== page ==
• collecting and analyzing relevant data and providing reports
  • developing and sharing resources
  • identifying priority populations and reducing health inequities

We also collaborate with physicians and share evidence-based practices to:

  • promote well-being, including healthy living behaviours
  • develop effective public policy
  • create supportive environments


  • The World Health Organization has listed alcohol as one of the top five global risk factors for death and disease. It is a causal factor in over 200 disease and injuries, including cancer and other chronic diseases.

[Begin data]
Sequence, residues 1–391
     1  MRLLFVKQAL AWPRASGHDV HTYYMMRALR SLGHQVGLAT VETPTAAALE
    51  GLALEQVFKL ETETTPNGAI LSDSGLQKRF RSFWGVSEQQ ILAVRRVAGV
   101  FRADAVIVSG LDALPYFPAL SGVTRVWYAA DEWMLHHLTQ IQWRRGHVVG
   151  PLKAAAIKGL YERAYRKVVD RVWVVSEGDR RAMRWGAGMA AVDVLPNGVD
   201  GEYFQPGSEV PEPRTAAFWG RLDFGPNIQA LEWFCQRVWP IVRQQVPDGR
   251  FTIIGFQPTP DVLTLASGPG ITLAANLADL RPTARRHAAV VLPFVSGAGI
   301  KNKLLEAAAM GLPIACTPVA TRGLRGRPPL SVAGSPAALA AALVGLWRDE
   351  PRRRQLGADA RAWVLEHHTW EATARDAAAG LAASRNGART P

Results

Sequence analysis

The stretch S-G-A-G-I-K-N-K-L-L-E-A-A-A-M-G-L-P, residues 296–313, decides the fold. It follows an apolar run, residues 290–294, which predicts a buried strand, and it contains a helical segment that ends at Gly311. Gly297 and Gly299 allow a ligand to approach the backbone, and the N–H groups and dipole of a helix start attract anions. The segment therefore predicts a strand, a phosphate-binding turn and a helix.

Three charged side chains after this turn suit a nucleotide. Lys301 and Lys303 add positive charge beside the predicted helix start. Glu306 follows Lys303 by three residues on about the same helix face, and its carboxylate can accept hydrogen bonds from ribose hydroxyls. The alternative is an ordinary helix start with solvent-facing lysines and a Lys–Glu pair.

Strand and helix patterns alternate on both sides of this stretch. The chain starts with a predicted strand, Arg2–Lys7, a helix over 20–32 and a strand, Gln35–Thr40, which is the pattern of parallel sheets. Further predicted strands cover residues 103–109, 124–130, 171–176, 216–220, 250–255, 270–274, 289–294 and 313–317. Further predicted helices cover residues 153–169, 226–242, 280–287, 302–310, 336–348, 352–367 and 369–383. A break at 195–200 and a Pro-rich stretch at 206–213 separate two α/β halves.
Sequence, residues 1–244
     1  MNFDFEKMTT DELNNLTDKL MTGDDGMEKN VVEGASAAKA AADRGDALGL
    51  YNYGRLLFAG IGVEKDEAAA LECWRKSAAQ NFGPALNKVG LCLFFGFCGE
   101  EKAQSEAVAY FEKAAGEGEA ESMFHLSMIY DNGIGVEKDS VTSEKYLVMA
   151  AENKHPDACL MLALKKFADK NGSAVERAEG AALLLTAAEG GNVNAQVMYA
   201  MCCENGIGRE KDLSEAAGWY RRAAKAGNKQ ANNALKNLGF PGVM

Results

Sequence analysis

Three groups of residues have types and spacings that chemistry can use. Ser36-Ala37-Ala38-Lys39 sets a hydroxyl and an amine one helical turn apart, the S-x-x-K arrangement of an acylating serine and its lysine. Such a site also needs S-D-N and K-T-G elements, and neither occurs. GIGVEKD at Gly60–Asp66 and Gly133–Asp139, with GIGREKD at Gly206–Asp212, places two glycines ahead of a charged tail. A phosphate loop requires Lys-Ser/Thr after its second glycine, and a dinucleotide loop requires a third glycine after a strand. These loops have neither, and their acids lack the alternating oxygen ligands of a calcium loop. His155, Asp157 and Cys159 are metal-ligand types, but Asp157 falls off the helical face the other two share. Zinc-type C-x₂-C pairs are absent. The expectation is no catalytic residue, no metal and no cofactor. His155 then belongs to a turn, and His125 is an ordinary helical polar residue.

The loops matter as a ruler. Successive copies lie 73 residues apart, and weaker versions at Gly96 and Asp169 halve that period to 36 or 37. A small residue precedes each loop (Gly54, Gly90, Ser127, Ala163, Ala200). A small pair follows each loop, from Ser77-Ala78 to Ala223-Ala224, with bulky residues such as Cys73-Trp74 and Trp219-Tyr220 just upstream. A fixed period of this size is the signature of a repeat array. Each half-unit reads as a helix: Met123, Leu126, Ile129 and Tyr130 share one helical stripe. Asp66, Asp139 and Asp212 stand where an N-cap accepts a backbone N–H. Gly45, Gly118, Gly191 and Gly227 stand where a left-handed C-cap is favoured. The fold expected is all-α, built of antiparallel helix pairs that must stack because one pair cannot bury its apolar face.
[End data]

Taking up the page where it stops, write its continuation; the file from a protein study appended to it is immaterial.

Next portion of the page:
• Canada's Guidance on Alcohol and Health (external PDF) can be used to help people make well-informed and responsible decisions about their alcohol consumption.
  • Alcohol is an important issue in Halton. Historically, rates of alcohol consumption in Halton region have been higher than the provincial average. During the COVID-19 pandemic, 25% of Halton respondents indicated they were drinking more alcohol since the beginning of the pandemic.
  • You can assist in reducing alcohol-related harm by asking patients about their alcohol use and addressing any concerns early. Effective intervention and treatment can help those who drink alcohol to increase abstinence and reduce negative impacts.

Fetal Alcohol Spectrum Disorder

Fetal Alcohol Spectrum Disorder (FASD)

  • Extensive research shows there is no safe level of drinking during any stage of pregnancy. Alcohol can harm fetal development and result in Fetal Alcohol Spectrum Disorder (external link).